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Thursday, 05 November 2015 11:49

Efficacy of Kinkeliba in non-complicated hypertensive patients: a randomized controlled trial

By  Sidy Seck
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Hypertension represents a worldwide public health issue. Combretum micranthum (kinkeliba) is a popular beverage in West Africa also widely used in traditional medicine. In vitro studies identified many compounds in kinkeliba leaves with anti-hypertensive activity but such effects have not yet been measured in clinical practice.

 

AUTHORS: 

BACKGROUND

PATIENTS AND METHODS

RESULTS

CONCLUSION


 

 

AUTHORS: 

 

SECK SM1,2, DIOP EA3, DOUPA D1,2, CISSE MM4, KA EF4, NIANG A4, DIOUF B4.

1. Faculty of Health Sciences, University Gaston berger, Saint-Louis, Senegal,

2 Unité mixte internationale UMI 3189 “Environnement Sante Societe”

3. Département de Phytochimie et Pharmacognosie, university of geneva, swizerland

4. Nephrology Department, Faculty of Medecine, University Cheikh Anta Diop, Dakar, Senegal.

 

BACKGROUND

Hypertension represents a worldwide public health issue. Combretum micranthum (kinkeliba) is a popular beverage in West Africa also widely used in traditional medicine. In vitro studies identified many compounds in kinkeliba leaves with anti-hypertensive activity but such effects have not yet been measured in clinical practice. The purpose of this study was to assess the clinical efficacy of kinkeliba in non-complicated hypertensive patients.

 

PATIENTS AND METHODS

Design: Prospective, randomized controlled trial. Settings: University Hospital of Saint-Louis. Patients: We enrolled 83 patients aged ≥18 years and diagnosed with systolic blood pressure between 140 and 179 mm Hg and a diastolic BP between 90 and 109 mm Hg) without any visceral complication and without any prior therapy. Interventions: After signing a free consent form, all enrolled patients were randomly assigned in either intervention group (low sodium diet + kinkeliba leaves 500 mg x 2/day) or control group (low sodium diet + ramipril 5 mg/day) during 04 weeks. At day 0 and day 28, investigators collected clinical and biological parameters (glycemia, serum cholesterol, triglycerides, serum creatinine and electrolytes).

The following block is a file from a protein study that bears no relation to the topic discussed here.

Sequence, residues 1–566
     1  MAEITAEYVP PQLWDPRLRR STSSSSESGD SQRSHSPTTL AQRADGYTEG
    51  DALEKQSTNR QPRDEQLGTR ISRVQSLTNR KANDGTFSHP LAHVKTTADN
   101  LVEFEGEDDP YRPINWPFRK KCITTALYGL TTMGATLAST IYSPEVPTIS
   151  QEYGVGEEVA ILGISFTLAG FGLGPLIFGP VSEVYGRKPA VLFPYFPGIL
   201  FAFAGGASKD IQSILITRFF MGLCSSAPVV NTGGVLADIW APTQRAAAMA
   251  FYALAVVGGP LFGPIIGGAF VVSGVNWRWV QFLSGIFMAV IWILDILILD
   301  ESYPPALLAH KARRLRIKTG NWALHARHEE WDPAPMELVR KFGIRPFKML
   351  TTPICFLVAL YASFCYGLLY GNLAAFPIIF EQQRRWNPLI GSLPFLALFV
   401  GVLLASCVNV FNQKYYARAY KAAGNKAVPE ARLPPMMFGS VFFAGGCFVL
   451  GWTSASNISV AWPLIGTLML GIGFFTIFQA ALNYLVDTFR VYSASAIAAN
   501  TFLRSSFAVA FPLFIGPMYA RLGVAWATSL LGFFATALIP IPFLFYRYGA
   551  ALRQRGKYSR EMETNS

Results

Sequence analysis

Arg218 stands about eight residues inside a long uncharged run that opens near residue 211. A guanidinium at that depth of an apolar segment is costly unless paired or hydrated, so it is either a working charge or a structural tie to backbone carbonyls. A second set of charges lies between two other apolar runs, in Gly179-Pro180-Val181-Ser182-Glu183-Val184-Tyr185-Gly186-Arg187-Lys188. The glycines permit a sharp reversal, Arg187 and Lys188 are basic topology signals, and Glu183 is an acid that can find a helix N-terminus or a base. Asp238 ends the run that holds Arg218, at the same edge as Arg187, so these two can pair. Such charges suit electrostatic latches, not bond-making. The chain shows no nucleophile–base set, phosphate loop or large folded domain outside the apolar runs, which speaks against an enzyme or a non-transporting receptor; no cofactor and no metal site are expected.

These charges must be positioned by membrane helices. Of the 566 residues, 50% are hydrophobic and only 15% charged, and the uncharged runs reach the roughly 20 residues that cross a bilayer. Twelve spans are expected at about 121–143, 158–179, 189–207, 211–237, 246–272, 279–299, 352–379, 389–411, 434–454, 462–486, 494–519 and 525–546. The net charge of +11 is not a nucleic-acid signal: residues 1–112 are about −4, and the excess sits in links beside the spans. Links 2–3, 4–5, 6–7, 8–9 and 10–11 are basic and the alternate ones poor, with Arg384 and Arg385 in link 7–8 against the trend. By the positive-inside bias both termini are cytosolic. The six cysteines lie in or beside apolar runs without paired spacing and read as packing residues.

Statistical analysis: Descriptive and statistics were performed using SPSS 18.0. Change in systolic/diastolic blood pressure (SBP/DBP) between baseline and the end of intervention was considered as the main outcome measures.

 

RESULTS

The two groups were comparable: group A (42 patients, mean age 54.7 ± 15.5 and group B (41 patients, mean age 56.2 ± 14.3 years). After 04 weeks, the mean systolic BP (SBP) in the kinkéliba group decreased from 152.4 ± 21.6 mm Hg at baseline to 140.6 ±15.2 mm Hg (reduction of 12.2 ± 6.6 mm Hg, p-value <0.001), whereas it changed from 156.2 ±24.3 mm Hg to 139.5 ±14.8 mm Hg (reduction of 16.7 ± 8.4 mm Hg, p-value <0.001) in the ramipril group. In the same time mean DBP changed in kinkeliba group from 95.5 ±4.3 mm Hg to 90.4 ±4.0 mm Hg after (reduction of 5.0 ±3.0, p-value <0.001), while in group B it dropped from 93.9 ±16.4 mm Hg to 87.3 ±10.3 mmHg (reduction of 6.7 ±3.6, p-value <0.001). The systolic and diastolic BP reductions were more important with ramipril compared to kinkeliba. After 04 weeks of treatment, 36.6% and 39.0% of patients normalized their BP in kinkéliba and ramipril group respectively. Three patients in kinkeliba group presented abdominal discomfort and two patients in ramipril arm complained with allergic cough.

 

CONCLUSION: 

These results support efficacy of kinkeliba leaves in patients with non-complicated hypertension. However, the amplitude of this effect is inferior to the one obtained with ramipril 5 mg/day. This small sized trial can lay the groundwork for future larger comparative studies with other antihypertensive drugs.

 

Additional Info

  • Language: English
  • Contains Audio: No
  • Content Type: Posters
  • Source: ISN
  • Event: WCN 2015
  • Year: 2015
  • Members Only: No
Read 1670 times Last modified on Thursday, 05 November 2015 13:15

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